Animalgrl15 (Animalgrl15) posted on Sunday, December 10, 2006 - 9:13 pm
My betta fish has white fuzz on him. What should I do?
Kathryngolightly (Kathryngolightly) posted on Tuesday, December 12, 2006 - 1:39 pm
1) Saprolegnia (fungus) infection
2) Columnaris infection (mouth fungus/cotton wool disease). Take sample for microscopic examination which would show typical long 'gliding' bacteria (Flexibacter sp).
Fish fungus appears as grey/white patches on the skin or gills that resemble tufts of cotton-wool. At a later stage they may become brown or green as they trap sediment or algae. If the fish is removed from the water, the fungus appears as a slimy matted mass. Saprolegnia normally establishes as small, focal infections that then spread rapidly over the body or gills. As it spreads, healthy tissue is destroyed. There is often little inflammation unless there is an underlying bacterial infection. Microscopic examination shows broad, non-septate (no dividing cell walls) hyphae of varying diameters.
Although most infections are fairly superficial, rarely penetrating beyond the superficial muscles, the danger comes from the speed at which Saprolegnia can spread and the amount of surface area that is often damaged. This in turns leads to serum and protein loss. There is sometimes a tendency to underestimate the potential danger of fungal infections and it is important to realise that even superficial damage of the skin or gills can prove fatal if not treated. The chances of recovery from saprolegniasis are directly related to the area of integument affected, which is why prompt diagnosis and treatment is vital.
Fish fungal infections are difficult to treat and mould cannot ever be eliminated from any fish keeping systems. Any treatment plan must take account of any predisposing factors and these should be resolved / or treated at the same time.
Use strong malachite green solution (100mg/ litre) to clean the lesion and apply a water-proof cream.
Long-term bath treatments:
Salt: 1–5g / litre indefinitely
Malachite green: 0.10mg/litre – three treatments at three-day intervals
Dizzymoo (Dizzymoo) posted on Saturday, January 06, 2007 - 10:08 pm
kathryn ...the fuzz animalgirl is on about is it also called white spot ? we had it on our fish once & that looked like cotton wool , unfortunatly it spread & the poor lil mohammed died ..aww bles
Kathryngolightly (Kathryngolightly) posted on Saturday, January 06, 2007 - 10:25 pm
white spot isnt a fuzz, it is literally a white spot or several, the size of a pinprick, not raised just like little white dots. its not fuzzy or like cotton wool, white spot is stress related, normally on fish suseptable to it like clown loaches, water changes not done right causes white spot, and rarely they die from it, plus the white spot treatment generally has about 99% success rate and fixes the fish within a few days.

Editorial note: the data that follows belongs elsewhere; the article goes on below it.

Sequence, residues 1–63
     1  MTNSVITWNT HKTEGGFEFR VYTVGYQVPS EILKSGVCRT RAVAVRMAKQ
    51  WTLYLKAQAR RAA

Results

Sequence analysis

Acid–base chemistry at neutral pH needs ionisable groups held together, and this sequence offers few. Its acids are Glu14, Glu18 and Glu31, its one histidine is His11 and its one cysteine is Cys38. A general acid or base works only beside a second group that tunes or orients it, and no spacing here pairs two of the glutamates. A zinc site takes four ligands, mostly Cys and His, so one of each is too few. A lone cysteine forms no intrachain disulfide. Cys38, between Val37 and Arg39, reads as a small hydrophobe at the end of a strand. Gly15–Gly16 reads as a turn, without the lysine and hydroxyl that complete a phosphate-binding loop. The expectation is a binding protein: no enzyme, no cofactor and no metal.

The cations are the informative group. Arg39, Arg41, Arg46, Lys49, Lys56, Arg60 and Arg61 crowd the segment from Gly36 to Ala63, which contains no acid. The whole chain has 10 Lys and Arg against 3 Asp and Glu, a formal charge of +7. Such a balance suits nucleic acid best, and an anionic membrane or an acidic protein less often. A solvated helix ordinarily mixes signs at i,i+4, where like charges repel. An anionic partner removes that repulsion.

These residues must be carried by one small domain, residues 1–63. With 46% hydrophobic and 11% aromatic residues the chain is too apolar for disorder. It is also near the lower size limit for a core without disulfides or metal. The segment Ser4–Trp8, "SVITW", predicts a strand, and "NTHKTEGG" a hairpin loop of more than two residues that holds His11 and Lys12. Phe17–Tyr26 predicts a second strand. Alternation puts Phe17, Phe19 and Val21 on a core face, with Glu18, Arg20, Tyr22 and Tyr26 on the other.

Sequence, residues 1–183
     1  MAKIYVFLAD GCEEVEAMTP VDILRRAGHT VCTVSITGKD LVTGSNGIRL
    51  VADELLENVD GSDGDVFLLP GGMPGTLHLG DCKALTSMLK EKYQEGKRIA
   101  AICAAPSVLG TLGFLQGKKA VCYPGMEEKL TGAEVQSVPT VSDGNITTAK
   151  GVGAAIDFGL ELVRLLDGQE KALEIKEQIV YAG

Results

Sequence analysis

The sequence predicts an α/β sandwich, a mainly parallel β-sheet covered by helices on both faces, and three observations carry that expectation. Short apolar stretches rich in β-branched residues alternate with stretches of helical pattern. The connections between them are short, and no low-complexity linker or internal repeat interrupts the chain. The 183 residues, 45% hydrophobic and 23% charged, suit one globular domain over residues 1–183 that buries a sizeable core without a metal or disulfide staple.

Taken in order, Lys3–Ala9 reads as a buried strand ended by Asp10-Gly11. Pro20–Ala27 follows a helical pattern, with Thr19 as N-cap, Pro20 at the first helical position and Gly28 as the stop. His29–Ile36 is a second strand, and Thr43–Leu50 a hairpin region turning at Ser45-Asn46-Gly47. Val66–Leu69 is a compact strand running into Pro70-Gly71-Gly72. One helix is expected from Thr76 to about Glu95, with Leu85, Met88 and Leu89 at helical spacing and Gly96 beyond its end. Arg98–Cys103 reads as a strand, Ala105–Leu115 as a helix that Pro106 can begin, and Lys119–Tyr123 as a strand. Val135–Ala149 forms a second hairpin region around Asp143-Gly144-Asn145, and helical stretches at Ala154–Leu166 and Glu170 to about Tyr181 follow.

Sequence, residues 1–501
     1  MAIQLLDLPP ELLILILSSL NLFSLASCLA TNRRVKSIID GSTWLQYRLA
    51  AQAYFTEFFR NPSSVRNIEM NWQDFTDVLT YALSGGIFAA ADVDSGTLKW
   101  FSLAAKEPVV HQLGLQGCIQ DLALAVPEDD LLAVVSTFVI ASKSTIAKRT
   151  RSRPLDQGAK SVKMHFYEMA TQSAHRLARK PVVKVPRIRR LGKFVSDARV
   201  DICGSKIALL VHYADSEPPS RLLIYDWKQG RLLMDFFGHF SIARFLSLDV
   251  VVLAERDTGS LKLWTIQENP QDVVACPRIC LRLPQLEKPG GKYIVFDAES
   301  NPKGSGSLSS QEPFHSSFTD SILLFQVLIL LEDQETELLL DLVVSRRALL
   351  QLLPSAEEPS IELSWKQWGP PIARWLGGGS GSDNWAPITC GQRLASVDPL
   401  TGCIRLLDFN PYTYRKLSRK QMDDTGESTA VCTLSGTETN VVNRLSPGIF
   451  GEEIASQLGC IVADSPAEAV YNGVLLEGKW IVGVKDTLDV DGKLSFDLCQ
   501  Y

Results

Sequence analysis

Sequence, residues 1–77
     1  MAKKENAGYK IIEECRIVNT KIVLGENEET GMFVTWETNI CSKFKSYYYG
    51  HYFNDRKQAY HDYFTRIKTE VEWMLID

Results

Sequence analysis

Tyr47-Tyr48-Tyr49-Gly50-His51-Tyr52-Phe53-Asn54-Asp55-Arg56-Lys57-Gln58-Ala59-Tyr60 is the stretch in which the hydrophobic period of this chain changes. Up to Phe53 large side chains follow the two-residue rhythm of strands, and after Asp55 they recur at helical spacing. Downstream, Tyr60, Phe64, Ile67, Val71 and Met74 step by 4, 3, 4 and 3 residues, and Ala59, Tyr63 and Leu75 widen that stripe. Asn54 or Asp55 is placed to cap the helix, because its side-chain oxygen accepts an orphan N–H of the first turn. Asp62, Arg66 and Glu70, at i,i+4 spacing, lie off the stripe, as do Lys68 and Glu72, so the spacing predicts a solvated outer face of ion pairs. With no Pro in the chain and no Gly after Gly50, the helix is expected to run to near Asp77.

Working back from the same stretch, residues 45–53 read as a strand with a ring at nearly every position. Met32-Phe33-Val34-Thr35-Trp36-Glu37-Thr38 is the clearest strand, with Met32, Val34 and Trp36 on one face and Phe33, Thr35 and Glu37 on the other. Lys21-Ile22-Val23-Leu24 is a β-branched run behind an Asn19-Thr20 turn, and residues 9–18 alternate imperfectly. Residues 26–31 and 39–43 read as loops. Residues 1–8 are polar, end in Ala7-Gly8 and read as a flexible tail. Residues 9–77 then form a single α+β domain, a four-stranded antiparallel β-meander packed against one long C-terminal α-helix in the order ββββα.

cotton wool like/fuzz is almost always an infection or fungus. and are very seperate.
Zoe (Zoe) posted on Sunday, January 07, 2007 - 10:03 am
kathryn is right whitespot isnt fuzz, cotton wool/fuzz is a fungal infection, and is completely different to white spot
Dizzymoo (Dizzymoo) posted on Monday, January 08, 2007 - 3:14 pm
ah right that told me then eh ha ha oh well we must of had the fungus one then , coz it defo looked like cotton wool . just wondered ,good job i asked eh
Kathryngolightly (Kathryngolightly) posted on Monday, January 08, 2007 - 3:51 pm
how long ago did they have it? if you still have fish that survived i would recommend getting some fungus treatment anyway
Common disease that effects all kinds tropical fish. Fungus mostly infects in poor water conditions in which there are unacceptable levels of ammonia or nitrites. Fin nippers will damage the fins of other fish making them more susceptible to fungal infections and external bacterial infections such as fin and tail rot.
Symptoms A white cottony fluff will appear on fish. Can be around body or in mouth. Fin rot appears as white on ends of fins.
Treatment: Relatively easy. Add appropriate medication (Available for all fungal infections). If fish are salt tolerant add salt. Raise the temp to 30 deg C or 80deg F.
The most common fungi to affect fish is Saprolegnia. Often it is first noticed as white or grey cotton wool-like tufts sticking out of the skin or fins of fish. It is sometimes tinged green with trapped algae. Fungus is nearly always a secondary problem, meaning it has occurred because of some other initial damage. The primary cause may be bacterial, parasitic, water quality or the fish may have physically damaged it's skin or fins in some way. It can be a serious problem because the fungus will spread and invade healthy tissue. Treatment with a proprietary anti-fungus compound will normally clear the problem, if applied early enough. but it is just as important to treat the underlying primary cause to prevent the fungus reappearing.
Kathryngolightly (Kathryngolightly) posted on Monday, January 08, 2007 - 4:30 pm